Poison Ivy: Humans fear it. Birds eat it.


Poison ivy thrives in the sultry heat of summer.  This cantankerous producer of human misery is very much at home on the Wilder Side of Oakland County; including along the trail sides of Oakland County Parks, Huron-Clinton Metroparks, Paint Creek Trail and the Clinton River Trail and the meandering Shiawassee River Heritage Trail.


This poison ivy vine along the Shiawassee River towers more than 15 feet above the head of six foot tall Jim Lloyds, a board member of the Six Rivers Land Conservancy (www.sixriversrlc.org ) and leader of their Adventure League.

Blame the birds we love for the rapid spread of poison ivy.   Many species of songbirds including robins and chickadees consume the small whitish-yellow berries of poison ivy, and when the seed passes and lands on fertile or disturbed soil, a new plant sprouts.   Forget the warning you may have heard,  “Leaflets of three, let it be.”  Other plants hold that description, and poison ivy takes on various forms and shades of color and is often misidentified.  The leaves of the Virginia creeper vine and the box elder tree are just two common Oakland County plants that bear superficial resemblance to the itch master that produces a rash and is often followed by crusty and oozing blisters.


Poison ivy sometimes appears in a non recognizable bush-like form.

The Mayo Clinic website shares excellent information on poison ivy:

“Poison ivy rash is caused by sensitivity to an oily resin called urushiol (u-ROO-she-ol), which is found in the leaves, stems and roots of poison ivy, poison oak and poison sumac.  At least 50 percent of the people who come into contact with these plants develop an itchy rash. The most dangerous type of exposure occurs when the plant is burned and the smoke is inhaled, which can affect your lungs.  Mild cases of poison ivy rash require no medical treatment. For more severe or widespread rashes— your doctor may suggest taking corticosteroid pills, such as prednisone, for a few weeks.”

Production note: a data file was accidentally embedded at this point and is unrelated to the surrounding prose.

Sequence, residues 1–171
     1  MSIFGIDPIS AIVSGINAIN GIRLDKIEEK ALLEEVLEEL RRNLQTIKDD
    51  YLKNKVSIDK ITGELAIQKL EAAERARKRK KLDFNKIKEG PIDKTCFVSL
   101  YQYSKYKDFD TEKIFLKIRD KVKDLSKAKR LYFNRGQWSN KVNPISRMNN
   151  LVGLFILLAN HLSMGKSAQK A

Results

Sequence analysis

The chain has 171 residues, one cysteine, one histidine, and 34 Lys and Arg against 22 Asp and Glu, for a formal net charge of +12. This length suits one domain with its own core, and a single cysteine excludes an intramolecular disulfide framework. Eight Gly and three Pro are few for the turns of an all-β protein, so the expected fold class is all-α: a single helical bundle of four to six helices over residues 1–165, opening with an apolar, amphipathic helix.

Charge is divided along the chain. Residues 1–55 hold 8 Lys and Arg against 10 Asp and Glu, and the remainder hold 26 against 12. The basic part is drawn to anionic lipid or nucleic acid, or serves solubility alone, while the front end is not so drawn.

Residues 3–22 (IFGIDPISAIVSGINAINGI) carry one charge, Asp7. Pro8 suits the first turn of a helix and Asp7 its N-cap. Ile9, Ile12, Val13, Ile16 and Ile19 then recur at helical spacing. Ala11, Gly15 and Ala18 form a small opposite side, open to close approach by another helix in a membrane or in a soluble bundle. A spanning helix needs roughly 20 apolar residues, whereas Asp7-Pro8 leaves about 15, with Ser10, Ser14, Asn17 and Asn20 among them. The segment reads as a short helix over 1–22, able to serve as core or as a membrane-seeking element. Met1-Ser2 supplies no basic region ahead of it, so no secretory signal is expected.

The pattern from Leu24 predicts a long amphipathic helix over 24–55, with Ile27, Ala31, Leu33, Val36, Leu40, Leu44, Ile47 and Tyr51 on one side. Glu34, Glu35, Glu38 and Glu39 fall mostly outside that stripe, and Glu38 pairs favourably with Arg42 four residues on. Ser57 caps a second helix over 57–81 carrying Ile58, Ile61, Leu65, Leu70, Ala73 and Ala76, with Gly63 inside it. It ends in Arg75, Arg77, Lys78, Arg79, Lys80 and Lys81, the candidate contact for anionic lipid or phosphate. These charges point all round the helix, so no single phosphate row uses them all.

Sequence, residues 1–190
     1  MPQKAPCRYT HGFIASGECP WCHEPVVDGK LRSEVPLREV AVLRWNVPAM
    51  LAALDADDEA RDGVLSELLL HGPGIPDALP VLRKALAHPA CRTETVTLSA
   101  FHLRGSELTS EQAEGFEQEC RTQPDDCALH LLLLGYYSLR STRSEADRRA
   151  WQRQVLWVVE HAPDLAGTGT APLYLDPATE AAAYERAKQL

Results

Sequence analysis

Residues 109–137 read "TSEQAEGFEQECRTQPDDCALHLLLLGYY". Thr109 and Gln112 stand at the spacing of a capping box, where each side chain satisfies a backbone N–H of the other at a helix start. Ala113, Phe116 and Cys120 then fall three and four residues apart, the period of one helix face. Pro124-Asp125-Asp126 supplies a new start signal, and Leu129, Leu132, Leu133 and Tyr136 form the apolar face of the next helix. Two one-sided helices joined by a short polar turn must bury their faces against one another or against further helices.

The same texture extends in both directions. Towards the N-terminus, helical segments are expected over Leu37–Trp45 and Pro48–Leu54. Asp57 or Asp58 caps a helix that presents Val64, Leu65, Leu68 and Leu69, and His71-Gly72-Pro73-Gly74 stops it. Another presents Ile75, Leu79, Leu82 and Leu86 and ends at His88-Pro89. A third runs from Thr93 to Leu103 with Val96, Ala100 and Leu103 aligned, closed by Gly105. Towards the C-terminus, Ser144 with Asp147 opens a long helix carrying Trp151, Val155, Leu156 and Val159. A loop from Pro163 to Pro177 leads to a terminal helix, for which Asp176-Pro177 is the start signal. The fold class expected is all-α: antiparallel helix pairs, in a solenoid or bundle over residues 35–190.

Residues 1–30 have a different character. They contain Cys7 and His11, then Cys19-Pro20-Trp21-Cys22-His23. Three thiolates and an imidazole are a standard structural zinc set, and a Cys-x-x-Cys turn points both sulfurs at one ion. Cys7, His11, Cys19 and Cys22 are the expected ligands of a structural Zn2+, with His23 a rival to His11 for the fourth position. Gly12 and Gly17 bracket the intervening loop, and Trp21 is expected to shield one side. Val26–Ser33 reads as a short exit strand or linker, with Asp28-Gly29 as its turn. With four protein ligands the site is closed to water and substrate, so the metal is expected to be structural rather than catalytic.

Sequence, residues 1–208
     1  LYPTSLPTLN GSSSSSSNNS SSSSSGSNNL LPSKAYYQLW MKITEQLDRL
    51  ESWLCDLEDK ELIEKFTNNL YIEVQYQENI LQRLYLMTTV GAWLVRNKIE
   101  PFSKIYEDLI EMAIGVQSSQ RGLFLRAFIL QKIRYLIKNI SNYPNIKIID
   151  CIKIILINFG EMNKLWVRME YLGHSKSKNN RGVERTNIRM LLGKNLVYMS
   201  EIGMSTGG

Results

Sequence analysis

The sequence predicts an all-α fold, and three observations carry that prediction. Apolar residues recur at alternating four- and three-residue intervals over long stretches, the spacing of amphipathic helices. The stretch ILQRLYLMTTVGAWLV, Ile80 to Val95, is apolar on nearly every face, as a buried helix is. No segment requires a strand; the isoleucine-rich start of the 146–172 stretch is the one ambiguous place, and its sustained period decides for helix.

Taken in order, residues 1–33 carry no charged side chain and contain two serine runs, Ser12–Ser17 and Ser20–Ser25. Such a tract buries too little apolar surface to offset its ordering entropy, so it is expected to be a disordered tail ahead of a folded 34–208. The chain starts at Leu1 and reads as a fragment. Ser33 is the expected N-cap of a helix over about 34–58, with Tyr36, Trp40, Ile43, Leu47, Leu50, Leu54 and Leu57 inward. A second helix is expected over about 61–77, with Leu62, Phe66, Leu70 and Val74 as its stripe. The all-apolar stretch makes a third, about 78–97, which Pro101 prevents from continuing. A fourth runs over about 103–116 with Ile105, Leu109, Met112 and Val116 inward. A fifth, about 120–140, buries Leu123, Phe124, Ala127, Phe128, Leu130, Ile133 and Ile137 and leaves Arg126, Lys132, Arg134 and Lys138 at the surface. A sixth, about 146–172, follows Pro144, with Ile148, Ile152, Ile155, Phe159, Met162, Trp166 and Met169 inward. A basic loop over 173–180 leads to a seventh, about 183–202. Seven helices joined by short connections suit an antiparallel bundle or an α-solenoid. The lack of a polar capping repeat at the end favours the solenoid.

The clinic also presents situational awareness information of the three means of contact.

  1. Direct contact with the plant.
  2.  Indirect contact from touching pets, gardening tools, sports equipment, or other objects that had direct contact with the plant.
  3. Airborne contact from burning  poison ivy, which releases particles of urushiol into the air that can penetrate the skin, eyes, nose, throat, or respiratory system.

Poison ivy may have a shiny look and appear on upright stalks. The berries birds love are visible too.

Poison ivy thrives in the moist shady woods of Oakland County.  Sandy, sunny areas also make for the perfect habitat for this adaptable plant.  And some poison ivy vines have side ‘branches’, that dangle over trails and grow thirty feet up a tree. These “branches” create situations where  hikers have acquired poison ivy rashes on their neck,  face, and arms from plodding along a trail and unknowingly making  direct contact.


A single leaf of poison ivy is not always the best clue for identification.

The best way to coexist with poison ivy on the Wilder Side of Oakland County is simple: Learn to recognize— and then avoid.

Text and photos by Jonathan Schechter, Oakland County Parks Nature Education Writer. schechterj@oakgov.com | www.oakgov.com/parks

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